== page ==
This news is not only a point of pride for Pakistan but opens a portal for amazing opportunities. Our children will be able to work at the forefront of  scientific research. They will be participate in and be witnesses to great discoveries. In doing their share, the government should stop at nothing to make sure that when the time comes we have our brightest ready to rise up to whatever challenge the world throws at them. So, what do they say to one of these potential scientific geniuses  when he/she is unable to access a video about the large hadron collider? Sorry buddy, no YouTube for you!  

Success can only be achieved by providing resources--not taking them away.  It has often been said that safety at the cost of freedom becomes a little less desirable. The shutdown of YouTube has been in place for an entire year. It has also been a year where Pakistanis have been deprived of an extensive and undeniable teaching tool.  Now there are further proposals to block even more websites in the name of safety. Apparently militants are able to facilitate their nefarious plans through these applications and blocking these apps will make them throw up their hands in frustrations, shake their fists to the sky and go home and chill. Genius!

Protesting disgraceful videos and curbing terrorism can be done without taking away the few liberties that citizens have. These decisions are made without any consideration to the damage they can potentially do. Protesting a vulgar video on YouTube will make a point..but what purpose does shutting it down indefinitely serve? Did it bring YouTube to its knees and taught it a lesson? No! The only thing it did was deprive a country of a valuable resource and made the ones who took this decision look like petulant children.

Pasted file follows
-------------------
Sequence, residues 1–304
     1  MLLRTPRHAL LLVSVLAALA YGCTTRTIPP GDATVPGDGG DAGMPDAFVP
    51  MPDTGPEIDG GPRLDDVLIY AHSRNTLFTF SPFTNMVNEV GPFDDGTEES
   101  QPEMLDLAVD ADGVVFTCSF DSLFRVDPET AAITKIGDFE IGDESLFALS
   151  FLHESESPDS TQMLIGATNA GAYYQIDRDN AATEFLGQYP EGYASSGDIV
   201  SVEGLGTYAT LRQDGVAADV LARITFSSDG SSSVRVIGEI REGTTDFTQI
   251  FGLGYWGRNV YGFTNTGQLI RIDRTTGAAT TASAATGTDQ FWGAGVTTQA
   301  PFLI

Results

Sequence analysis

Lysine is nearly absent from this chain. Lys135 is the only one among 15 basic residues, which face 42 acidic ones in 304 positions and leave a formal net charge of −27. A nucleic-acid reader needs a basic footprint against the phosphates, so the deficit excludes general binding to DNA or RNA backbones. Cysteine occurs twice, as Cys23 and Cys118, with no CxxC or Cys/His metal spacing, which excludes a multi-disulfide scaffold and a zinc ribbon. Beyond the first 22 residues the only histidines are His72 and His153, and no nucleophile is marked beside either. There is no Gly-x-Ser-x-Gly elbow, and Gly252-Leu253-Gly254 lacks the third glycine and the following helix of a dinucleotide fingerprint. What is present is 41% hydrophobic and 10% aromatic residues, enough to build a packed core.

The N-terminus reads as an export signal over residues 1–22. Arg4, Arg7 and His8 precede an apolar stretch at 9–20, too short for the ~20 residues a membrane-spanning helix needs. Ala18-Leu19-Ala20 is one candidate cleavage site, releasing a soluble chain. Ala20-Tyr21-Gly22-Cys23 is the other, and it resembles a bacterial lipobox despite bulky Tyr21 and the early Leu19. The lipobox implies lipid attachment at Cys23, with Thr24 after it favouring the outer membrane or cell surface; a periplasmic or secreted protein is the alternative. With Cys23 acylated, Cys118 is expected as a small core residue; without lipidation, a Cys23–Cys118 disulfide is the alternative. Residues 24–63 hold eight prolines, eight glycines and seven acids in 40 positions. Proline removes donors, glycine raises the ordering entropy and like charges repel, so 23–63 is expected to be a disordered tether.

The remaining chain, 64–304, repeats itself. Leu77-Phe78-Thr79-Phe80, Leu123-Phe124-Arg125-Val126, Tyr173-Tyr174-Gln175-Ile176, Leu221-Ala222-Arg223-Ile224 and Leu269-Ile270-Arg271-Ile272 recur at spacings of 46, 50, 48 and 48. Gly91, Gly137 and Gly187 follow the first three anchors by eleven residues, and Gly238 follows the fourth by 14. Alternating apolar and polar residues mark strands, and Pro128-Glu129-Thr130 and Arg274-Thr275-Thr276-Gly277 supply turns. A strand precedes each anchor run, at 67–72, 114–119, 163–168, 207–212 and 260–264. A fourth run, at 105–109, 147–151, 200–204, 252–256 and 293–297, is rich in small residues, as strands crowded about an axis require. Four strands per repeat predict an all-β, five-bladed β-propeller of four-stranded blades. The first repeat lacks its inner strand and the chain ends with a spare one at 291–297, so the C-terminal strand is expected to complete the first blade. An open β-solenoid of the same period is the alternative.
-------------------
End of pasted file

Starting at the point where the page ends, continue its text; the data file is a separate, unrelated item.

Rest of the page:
But it seems that no lessons have been learned as now there is a chance that other applications may be blocked too--and all behind the excuse for thwarting terrorism. Well, what else have you tried, I ask you? Have you secured the borders? Have you stopped the illegal sale and use of firearms? Have you arrested past perpetrators? Have you exhausted all possible avenues of law and order before you made this decision which will do more in the way of inconveniencing law-abiding citizens then it will bother the criminals and terrorists?
Here is another thought...and I’m just spitballing here...won't the organizations, that are terrorizing the world,  be able to go around this problem if it stands in their way? Bilawal Bhutto has a way around it and he shared it with all and sundry when he tweeted, “anyone using iOS and looking to get around the YouTube ban I suggest downloading VPN One Click.” So, I’m guessing the more unsavory types might be able to figure this out too!

Dear government, I really don't think you get the gravitas of the situation. Blocking terrorism in Sindh by blocking Skype, Tango, Viber, etc. is like bringing a knife to a gunfight-- it aint gonna work. So put on your thinking caps and eat your badaams and come up with a viable plan. Meanwhile let the people of Pakistan message and talk to their loved ones while they enjoy a video on YouTube.